The “You Don’t Look Sick” Makeover
As I came around the corner at the store with my rollator, a woman in line smiled at me. She began striking up a conversation with me asking me about myself and sharing a bit about herself. She was a personal care attendant and was amazed by how much I “didn’t look sick.” As someone with multiple neck and back injuries, she could relate to how not looking sick can be both a blessing out in the world, and a curse in the doctor’s office.
Invisible illnesses and injuries are hard thing to have, especially when you are around people that don’t understand such things exist. Many people believe that if you feel unwell you should look unwell. But after years of being sick and looking sick, sometimes the best thing you can do for yourself is take care of yourself.
Walking past a mirror on a day I don’t bother – I look like crap, so I feel like crap. But, on days I take 5 minutes to make myself more presentable, I feel a little better and more capable. The trouble is, after getting hit with central sensitization, during the initial stages of seeking diagnosis and finding treatments that work, we tend to throw overboard anything that is not dire including skin and hair care.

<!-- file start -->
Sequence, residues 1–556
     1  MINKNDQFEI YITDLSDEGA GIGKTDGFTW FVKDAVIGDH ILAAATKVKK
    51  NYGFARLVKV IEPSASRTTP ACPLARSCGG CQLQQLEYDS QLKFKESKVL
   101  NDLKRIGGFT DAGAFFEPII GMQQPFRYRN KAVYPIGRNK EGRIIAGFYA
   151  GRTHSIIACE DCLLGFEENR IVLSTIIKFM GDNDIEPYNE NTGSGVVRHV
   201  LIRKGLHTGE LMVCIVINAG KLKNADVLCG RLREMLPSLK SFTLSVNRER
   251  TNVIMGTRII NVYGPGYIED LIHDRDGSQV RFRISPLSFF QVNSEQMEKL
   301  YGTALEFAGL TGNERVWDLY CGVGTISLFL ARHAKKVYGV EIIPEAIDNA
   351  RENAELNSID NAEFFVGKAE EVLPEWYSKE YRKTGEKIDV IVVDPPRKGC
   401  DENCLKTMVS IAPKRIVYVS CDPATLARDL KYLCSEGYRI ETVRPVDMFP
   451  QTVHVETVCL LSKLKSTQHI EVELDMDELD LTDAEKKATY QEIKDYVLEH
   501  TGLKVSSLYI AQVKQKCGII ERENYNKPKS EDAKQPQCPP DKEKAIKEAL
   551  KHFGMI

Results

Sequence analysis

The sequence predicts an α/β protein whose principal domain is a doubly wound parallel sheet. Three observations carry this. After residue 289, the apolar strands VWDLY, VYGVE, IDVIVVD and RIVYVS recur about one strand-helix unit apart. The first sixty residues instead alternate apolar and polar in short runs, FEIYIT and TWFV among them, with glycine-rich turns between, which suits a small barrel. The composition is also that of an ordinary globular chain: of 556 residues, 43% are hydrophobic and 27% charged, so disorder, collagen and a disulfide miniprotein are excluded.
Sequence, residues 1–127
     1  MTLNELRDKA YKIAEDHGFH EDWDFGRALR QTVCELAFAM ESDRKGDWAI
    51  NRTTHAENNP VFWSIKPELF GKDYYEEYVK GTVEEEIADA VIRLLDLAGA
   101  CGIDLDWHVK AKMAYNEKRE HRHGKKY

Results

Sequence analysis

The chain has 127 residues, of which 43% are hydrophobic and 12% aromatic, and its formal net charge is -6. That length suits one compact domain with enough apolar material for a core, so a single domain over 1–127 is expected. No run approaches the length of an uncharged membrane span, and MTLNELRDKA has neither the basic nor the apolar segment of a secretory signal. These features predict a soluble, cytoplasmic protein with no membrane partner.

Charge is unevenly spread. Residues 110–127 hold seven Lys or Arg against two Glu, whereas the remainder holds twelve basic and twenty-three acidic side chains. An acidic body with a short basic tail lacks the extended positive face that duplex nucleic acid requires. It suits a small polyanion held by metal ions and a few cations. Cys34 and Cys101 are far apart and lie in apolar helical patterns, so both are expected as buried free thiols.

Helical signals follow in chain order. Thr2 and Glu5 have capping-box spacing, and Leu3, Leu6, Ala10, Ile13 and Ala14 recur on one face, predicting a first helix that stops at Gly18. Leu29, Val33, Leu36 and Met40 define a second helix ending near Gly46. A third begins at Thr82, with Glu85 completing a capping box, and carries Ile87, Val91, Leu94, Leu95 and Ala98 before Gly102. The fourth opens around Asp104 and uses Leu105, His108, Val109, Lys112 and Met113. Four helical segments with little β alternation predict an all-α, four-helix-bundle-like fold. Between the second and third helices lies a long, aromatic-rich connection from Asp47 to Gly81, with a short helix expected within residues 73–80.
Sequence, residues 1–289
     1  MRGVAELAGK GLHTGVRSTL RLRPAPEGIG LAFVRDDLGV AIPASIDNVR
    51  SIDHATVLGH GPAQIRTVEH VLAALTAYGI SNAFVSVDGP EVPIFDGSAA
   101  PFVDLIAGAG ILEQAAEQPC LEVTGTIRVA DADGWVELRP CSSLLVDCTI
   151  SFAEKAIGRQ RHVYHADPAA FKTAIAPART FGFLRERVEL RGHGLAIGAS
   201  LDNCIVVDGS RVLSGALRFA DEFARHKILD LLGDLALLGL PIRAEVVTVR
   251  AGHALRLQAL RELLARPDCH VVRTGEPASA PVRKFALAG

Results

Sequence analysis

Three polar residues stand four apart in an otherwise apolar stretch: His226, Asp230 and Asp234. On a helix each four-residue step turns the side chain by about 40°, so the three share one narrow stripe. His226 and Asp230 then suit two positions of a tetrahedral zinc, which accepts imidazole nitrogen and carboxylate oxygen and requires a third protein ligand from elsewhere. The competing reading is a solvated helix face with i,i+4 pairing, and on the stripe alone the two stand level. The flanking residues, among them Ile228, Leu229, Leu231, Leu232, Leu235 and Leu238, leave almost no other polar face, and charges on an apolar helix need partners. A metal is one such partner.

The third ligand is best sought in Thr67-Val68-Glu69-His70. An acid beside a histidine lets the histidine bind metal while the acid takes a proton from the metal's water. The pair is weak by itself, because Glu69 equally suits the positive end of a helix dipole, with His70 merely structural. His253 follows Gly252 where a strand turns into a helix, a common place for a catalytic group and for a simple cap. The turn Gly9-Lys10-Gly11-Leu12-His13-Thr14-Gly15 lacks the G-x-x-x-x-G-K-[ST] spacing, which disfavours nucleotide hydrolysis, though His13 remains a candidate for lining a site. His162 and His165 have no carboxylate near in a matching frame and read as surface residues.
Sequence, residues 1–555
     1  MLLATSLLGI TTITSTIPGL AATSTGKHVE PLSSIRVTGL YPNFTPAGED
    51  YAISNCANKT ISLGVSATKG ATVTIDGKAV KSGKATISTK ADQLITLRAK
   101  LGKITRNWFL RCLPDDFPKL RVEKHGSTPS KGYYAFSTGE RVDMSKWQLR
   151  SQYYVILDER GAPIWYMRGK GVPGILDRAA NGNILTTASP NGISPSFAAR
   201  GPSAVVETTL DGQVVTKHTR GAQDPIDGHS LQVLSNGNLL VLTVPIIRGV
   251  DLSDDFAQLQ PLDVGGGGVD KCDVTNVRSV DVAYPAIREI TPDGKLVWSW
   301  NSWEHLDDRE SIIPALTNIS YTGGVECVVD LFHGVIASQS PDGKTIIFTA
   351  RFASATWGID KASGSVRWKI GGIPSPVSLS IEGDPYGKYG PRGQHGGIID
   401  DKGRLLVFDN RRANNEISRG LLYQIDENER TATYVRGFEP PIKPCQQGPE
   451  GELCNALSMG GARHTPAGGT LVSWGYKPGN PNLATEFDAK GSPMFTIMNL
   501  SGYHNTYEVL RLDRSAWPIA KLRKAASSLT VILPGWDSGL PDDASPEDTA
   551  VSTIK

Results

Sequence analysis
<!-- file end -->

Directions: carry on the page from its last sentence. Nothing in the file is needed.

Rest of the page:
While I’m directing this post at those with a chronic illness that want to freshen up their look, these methods can be used by virtually anyone. And while it takes a little work, it’s really a simple thing to maintain – after all, we’re exhausted. But, exhausted or not, we can blend in if we want to. And……